THE STATE OF SOUTH CAROLINA
In The Court of Appeals
Collins Burbage, Appellant,
Angela Lynn Ramsey, Thomas M. Ramsey, Kate Elizabeth Benton, Delores M. Garrett, individually and as Personal Representative for the Estate of Arthur F. Burbage, AGSouth Farm Cedit, ACA, Beneficial Mortgage Co. of South Carolina and Palmetto Farm Credit ACA, Defendants,
of Whom Angela Lynn Ramsey and Thomas M. Ramsey are the Respondents.
Appeal From Berkeley County
Robert E. Watson, Master-in-Equity
Unpublished Opinion No. 2009-UP-152
Submitted February 2, 2009 – Filed March 30, 2009
Christopher David Lizzi, of North Charleston, and Thomas C. Nelson, of Mount Pleasant, for Appellant.
John J. Dodds, of Mount Pleasant, for Respondents.
PER CURIAM: Collins Burbage appeals the master-in-equity's dismissal of his complaint and cancellation of the lis pendens having to do with a piece of property he inherited along with his siblings. Burbage asserts the master erred in finding he had no legal basis under his breach of contract claim to recover damages against Angela and Thomas Ramsey. We affirm pursuant to Rule 220(b)(2), SCACR, and the following authorities: Electro Lab of Aiken, Inc. v. Sharp Constr. Co. of Sumter, Inc., 357 S.C. 363, 367, 593 S.E.2d 170, 172 (Ct. App. 2004) (holding an action for breach of contract seeking damages is an action at law); Sea Cabins on the Ocean IV Homeowners Ass'n, Inc. v. City of North Myrtle Beach, 337 S.C. 380, 388, 523 S.E.2d 193, 197 (Ct. App. 1999) (stating in an action at law, an appellate court must affirm a master's factual findings unless no evidence reasonably supporting those findings); Parks v. Lyons, 219 S.C. 40, 48, 64 S.E.2d 123, 126 (1951) ("It is an elementary principle that one who seeks to recover damages for the breach of a contract, to which he was a party, must show that the contract has been performed on his part, or at least that he was at the appropriate time able, ready and willing so to perform it."); Futch v. McAllister Towing of Georgetown, Inc., 335 S.C. 598, 613, 518 S.E.2d 591, 598 (1999) (ruling an appellate court need not review remaining issues when its determination of a prior issue is dispositive of the appeal).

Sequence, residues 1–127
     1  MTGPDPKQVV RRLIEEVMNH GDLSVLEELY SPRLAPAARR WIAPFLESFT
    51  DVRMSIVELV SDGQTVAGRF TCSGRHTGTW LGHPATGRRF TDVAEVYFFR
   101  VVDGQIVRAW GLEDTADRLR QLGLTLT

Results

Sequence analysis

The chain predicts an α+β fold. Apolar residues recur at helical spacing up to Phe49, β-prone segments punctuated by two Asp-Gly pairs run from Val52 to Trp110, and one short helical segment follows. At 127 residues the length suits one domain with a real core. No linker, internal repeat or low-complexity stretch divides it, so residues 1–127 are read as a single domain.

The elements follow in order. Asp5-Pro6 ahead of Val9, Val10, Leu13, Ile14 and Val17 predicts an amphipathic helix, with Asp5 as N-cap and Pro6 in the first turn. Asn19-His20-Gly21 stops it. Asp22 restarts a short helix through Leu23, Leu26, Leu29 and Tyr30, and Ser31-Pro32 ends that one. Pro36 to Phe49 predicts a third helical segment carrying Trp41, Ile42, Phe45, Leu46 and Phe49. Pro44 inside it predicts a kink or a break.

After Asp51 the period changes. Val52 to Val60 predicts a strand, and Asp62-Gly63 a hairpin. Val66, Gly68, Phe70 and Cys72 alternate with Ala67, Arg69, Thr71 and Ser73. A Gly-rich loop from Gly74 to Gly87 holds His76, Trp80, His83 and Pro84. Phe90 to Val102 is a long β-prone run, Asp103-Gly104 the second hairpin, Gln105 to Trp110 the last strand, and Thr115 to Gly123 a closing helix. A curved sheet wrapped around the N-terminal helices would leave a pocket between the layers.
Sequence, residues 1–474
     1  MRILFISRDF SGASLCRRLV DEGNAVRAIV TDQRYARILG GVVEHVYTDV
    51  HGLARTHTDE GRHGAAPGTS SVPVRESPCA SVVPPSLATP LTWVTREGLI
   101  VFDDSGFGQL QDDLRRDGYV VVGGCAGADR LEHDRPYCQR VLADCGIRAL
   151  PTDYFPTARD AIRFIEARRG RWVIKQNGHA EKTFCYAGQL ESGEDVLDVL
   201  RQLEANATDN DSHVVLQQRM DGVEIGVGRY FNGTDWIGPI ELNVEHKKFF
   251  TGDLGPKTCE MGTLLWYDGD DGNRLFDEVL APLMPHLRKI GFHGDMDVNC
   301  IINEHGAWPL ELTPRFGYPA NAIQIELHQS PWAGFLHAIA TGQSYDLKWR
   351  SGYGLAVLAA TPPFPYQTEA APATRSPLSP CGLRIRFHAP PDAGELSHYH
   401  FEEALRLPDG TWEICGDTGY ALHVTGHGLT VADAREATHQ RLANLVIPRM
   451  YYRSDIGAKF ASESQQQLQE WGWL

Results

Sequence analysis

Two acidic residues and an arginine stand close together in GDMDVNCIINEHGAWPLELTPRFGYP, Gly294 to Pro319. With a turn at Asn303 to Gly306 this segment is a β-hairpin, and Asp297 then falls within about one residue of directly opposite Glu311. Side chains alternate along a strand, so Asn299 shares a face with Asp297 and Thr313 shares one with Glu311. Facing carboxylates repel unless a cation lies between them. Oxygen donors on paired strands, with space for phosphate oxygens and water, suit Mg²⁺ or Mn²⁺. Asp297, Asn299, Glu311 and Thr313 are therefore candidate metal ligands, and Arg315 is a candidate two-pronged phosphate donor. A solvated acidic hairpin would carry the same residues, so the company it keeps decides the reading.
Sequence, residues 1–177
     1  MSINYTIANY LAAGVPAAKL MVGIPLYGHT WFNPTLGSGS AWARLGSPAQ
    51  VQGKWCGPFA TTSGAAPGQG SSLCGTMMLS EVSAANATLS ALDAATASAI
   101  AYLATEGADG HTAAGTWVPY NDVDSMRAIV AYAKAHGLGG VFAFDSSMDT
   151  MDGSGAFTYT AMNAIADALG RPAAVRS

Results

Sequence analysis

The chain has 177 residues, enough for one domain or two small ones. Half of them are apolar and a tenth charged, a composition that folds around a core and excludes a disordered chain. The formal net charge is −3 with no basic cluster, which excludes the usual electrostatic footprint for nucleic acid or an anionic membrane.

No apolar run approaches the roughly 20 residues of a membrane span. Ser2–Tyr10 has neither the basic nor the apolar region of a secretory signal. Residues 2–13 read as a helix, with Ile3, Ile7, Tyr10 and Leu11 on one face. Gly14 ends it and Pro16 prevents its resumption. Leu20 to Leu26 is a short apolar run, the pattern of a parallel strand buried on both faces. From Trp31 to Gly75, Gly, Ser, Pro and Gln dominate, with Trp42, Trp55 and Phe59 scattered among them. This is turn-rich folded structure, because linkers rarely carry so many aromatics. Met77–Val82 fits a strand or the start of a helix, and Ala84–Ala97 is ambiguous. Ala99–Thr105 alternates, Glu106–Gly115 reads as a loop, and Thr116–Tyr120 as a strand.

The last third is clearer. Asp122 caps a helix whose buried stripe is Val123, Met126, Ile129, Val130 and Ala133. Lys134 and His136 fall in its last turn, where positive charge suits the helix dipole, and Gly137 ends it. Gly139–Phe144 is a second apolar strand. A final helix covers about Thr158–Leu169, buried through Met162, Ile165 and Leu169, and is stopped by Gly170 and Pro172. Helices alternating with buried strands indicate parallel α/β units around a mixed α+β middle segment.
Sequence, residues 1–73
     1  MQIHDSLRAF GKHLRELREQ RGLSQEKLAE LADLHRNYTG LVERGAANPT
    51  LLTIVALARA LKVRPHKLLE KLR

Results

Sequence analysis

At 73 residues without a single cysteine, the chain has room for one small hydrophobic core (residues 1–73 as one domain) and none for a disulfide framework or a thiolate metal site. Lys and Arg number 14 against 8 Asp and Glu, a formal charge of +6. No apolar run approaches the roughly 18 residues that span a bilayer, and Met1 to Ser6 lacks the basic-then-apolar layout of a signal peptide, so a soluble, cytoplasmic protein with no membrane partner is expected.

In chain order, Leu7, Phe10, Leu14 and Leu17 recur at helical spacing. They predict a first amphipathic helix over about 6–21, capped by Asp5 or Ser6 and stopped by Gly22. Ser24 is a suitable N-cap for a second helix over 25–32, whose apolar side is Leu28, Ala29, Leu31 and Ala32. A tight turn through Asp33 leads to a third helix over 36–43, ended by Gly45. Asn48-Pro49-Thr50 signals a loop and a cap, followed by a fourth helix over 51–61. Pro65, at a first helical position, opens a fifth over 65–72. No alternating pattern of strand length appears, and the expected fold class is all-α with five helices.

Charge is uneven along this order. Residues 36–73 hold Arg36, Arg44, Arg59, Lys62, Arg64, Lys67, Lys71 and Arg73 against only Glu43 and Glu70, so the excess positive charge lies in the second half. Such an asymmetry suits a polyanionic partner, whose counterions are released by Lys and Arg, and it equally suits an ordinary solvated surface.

HEARN, C.J., and SHORT, J., and KONDUROS, J., concur.